Noah Ben-Aderet | Ph.D. Student |firstname.lastname@example.org
Short Bio: I am a 3rd year doctoral student and also the newest member of the Sandin lab. While my master’s research (completed in 2009 at the Inter-University Institute for Marine Science in Eilat, Israel) focused on the effects of high CO2 conditions on the photosynthetic machinery that powers individual corals, my primary interests have always been fish, fish populations and the effects of small scale fishing.
In 2004, I graduated from UCSD with a BS in Ecology, Behavior and Evolution and a minor in Political Science. After some traveling, I returned to San Diego and worked at Hubbs-Seaworld Research Institute monitoring hatchery-reared white seabass populations off the southern California coast. This led to a position tagging and tracking juvenile thresher sharks in the lab of the late Dr. Jeff Graham here at SIO. After leaving Scripps to pursue my M.Sc. in Israel, I returned to San Diego (again) in 2010 to begin my Ph.D. research here at SIO.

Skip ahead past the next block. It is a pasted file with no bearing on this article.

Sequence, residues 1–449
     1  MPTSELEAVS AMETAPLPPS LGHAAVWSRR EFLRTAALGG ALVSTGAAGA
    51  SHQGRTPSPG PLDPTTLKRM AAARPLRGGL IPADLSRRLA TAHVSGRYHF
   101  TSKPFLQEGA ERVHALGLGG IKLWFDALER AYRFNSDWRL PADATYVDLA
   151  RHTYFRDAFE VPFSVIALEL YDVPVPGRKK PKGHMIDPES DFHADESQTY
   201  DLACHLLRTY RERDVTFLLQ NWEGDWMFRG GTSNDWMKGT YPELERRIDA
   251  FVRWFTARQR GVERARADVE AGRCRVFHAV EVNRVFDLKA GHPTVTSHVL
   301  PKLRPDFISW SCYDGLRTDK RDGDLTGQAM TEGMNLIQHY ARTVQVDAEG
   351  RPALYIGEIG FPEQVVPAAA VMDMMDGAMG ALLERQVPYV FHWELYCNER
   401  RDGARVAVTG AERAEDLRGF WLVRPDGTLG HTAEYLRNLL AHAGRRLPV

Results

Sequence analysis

- Ecosystem effects of recreational fishing
- local effects of small-scale commercial fisheries
- movements and habitat usage of large predatory fishes and elasmobranchs
My current work focuses on several aspects pertaining to southern California populations of yellowtail (Seriola lalandi): characterizing the recreational fishery which targets them, tracking their inshore and offshore seasonal movements and quantifying their offshore spawning habitat and behaviors. My eventual goal is to use the techniques developed during this yellowtail project to ask similar questions about migratory coral reef predators.
Cartamil D, Wegner NC, Kacev D, Ben-Aderet N, Kohin S, Graham JB (2010). Movement patterns and nursery habitat of juvenile thresher sharks Alopias vulpinus in the Southern California Bight. Mar Ecol Prog Ser 404:249-258